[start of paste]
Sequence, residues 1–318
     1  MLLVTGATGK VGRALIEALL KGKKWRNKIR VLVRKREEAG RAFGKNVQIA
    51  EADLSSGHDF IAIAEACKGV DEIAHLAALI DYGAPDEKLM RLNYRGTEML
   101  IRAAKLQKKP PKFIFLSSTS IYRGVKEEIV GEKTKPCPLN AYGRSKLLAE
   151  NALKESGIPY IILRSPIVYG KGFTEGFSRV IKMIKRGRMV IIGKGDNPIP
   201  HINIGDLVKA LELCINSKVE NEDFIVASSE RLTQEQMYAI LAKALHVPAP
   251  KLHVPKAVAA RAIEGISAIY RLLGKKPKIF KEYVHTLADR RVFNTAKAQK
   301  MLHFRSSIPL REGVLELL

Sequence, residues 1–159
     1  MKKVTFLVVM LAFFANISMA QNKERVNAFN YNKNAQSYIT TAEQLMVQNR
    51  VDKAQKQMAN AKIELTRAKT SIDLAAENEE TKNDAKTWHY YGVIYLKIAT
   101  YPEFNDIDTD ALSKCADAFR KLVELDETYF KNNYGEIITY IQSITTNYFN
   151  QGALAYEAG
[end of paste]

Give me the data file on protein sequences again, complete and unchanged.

Sequence, residues 1–318
     1  MLLVTGATGK VGRALIEALL KGKKWRNKIR VLVRKREEAG RAFGKNVQIA
    51  EADLSSGHDF IAIAEACKGV DEIAHLAALI DYGAPDEKLM RLNYRGTEML
   101  IRAAKLQKKP PKFIFLSSTS IYRGVKEEIV GEKTKPCPLN AYGRSKLLAE
   151  NALKESGIPY IILRSPIVYG KGFTEGFSRV IKMIKRGRMV IIGKGDNPIP
   201  HINIGDLVKA LELCINSKVE NEDFIVASSE RLTQEQMYAI LAKALHVPAP
   251  KLHVPKAVAA RAIEGISAIY RLLGKKPKIF KEYVHTLADR RVFNTAKAQK
   301  MLHFRSSIPL REGVLELL

Sequence, residues 1–159
     1  MKKVTFLVVM LAFFANISMA QNKERVNAFN YNKNAQSYIT TAEQLMVQNR
    51  VDKAQKQMAN AKIELTRAKT SIDLAAENEE TKNDAKTWHY YGVIYLKIAT
   101  YPEFNDIDTD ALSKCADAFR KLVELDETYF KNNYGEIITY IQSITTNYFN
   151  QGALAYEAG